Encyclopedia of Anti-Revisionism On-Line

John Trinkl

Left lukewarm about Dukakis

First Published: Guardian October 5, 1988.
Transcription, Editing and Markup: Paul Saba
Copyright: This work is in the Public Domain under the Creative Commons Common Deed. You can freely copy, distribute and display this work; as well as make derivative and commercial works. Please credit the Encyclopedia of Anti-Revisionism On-Line as your source, include the url to this work, and note any of the transcribers, editors & proofreaders above.

As the 1988 presidential campaign enters its final phase, Democratic candidate Michael Dukakis is drawing a tepid response from left and progressive groups.

Unlike 1984, when virtually the entire left threw considerable resources behind Walter Mondale in an effort to unseat President Reagan and his reactionary agenda, this time around few groups exhibit much enthusiasm for working actively for the Democratic candidate. Many will vote for Dukakis as part of an effort to prevent further consolidation of the conservative Republican agenda, while devoting most of their efforts to building the progressive movements no matter who wins.

The various left parties are also generating little excitement and two of them–the Communist Party (CPUSA) and the California-based Peace and Freedom Party are not fielding candidates this year.

The response of progressive and left groups to the 1988 presidential campaign ranges from strong–if somewhat grudging– support for Dukakis to total condemnation of both candidates.

George Bush “represents the forces that in the last eight years have taken food from our children; left millions homeless; helped the rich become richer and the poor poorer; plunged our nation into unprecedented debt,” according to the National Rainbow Coalition’s board of directors. In an open letter to Rainbow members, the board wrote, “We owe it to ourselves to rid the nation of this regime. We also owe it to the people of the world. We must support the present Democratic ticket because this is the way we can rid the nation of the Bush-Reagan crowd and get at least part of our program adopted as national policy. But we will give our support critically, constantly pushing for implementation of our total program.”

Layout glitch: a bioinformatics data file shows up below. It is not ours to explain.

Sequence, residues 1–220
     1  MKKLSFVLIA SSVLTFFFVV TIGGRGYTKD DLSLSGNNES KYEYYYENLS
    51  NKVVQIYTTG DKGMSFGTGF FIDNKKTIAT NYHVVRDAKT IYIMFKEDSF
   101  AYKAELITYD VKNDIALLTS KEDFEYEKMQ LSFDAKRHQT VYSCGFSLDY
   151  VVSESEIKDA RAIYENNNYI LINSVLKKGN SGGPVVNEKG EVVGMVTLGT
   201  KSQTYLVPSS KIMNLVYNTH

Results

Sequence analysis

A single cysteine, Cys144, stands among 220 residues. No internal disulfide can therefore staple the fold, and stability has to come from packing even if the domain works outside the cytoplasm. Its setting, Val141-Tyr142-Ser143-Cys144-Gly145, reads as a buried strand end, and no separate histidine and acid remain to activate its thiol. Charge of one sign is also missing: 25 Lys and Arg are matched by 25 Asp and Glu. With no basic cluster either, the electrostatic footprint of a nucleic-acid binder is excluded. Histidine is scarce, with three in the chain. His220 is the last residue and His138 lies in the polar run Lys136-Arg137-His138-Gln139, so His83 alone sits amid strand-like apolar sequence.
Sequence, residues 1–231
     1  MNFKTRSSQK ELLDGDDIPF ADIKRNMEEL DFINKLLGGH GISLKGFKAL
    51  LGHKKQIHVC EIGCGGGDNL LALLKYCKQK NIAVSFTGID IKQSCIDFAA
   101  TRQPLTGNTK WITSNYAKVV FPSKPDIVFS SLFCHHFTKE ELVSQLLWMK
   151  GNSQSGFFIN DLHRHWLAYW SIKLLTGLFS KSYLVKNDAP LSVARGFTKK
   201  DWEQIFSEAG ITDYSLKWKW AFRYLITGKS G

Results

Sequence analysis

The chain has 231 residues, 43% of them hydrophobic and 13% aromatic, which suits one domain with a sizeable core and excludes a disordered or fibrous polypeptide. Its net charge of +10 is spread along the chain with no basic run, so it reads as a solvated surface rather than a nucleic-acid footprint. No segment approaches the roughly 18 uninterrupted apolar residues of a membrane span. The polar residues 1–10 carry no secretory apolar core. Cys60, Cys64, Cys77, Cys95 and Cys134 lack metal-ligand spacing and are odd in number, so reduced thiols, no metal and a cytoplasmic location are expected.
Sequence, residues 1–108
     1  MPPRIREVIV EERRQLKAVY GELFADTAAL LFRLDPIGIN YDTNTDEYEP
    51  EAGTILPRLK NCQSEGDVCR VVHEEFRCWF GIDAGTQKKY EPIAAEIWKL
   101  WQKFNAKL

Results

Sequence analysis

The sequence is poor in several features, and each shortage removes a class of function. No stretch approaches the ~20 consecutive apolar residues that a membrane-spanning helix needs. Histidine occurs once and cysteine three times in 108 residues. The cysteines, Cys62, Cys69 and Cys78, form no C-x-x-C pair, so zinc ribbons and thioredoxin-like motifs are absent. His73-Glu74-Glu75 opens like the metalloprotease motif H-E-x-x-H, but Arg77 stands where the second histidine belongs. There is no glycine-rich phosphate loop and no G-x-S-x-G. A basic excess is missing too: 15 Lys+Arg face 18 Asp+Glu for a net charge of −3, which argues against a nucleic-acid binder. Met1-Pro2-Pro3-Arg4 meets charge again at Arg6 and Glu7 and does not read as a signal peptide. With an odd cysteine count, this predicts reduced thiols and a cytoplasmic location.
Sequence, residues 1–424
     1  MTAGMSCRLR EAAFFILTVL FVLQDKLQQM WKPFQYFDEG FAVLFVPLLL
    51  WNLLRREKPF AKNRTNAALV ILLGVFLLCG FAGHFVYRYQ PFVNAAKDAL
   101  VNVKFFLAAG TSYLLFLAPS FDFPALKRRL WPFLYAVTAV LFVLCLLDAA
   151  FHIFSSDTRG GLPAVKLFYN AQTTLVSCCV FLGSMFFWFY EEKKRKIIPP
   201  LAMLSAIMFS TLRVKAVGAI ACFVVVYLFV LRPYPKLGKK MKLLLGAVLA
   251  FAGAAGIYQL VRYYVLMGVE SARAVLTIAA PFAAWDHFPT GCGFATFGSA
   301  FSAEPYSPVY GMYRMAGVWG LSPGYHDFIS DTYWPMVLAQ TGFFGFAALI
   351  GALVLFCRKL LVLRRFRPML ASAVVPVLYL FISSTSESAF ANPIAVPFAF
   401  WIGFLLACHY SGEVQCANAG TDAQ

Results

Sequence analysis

Several left parties take the same view. “Between now and election day there needs to be a single-minded approach to the effort to defeat George Bush. Given what is at stake for working people, there can be no other priority,” the CPUSA’s National Labor Commission concluded in mid-September. For the first time since 1964, the Communist Party is not running its own presidential candidates. The party announced last year that its presidential campaigns–especially the efforts to overcome unfair election laws directed at third parties–were an enormous strain on its resources. The CPUSA is fielding several candidates for statewide office and supporting other local candidates.

Frontline, newspaper of Line of March, recently editorialized: “The left in our view has a responsibility not only to vote for but to work for the election of the Democratic nominee. . . . Support for the Dukakis-Bentsen ticket is the new terrain on which the left must operate to advance an independent progressive agenda.”

The League of Revolutionary Struggle writes in its paper, Unity, “Although both parties are run by the big capitalists, Bush and the Republicans represent the far right and would continue Reagan’s anti-people policies, while Dukakis is a moderate Democrat. A Democratic victory would hurt the right and create better conditions for people struggling for peace and justice.”

Democratic Socialists of America (DSA) has adopted “a position of critical support for Dukakis,” according to field organizer Shakoor Aljuwani. “We have a particular focus on developing anti-Bush materials and doing voter registration,” he said. DSA’s efforts are “based on the point of view that a defeat of Dukakis by Bush would make it much more difficult to develop progressive movements, while a win by Dukakis would open some space for progressive activity–though it would still leave a lot to be desired,” he explained. DSA’s political action committee is also supporting progressive candidates such as Reps. Ron Dellums (D-Calif.) and Major Owens (D-N.Y.) and Bernie Sanders, a socialist running for Vermont’s House seat.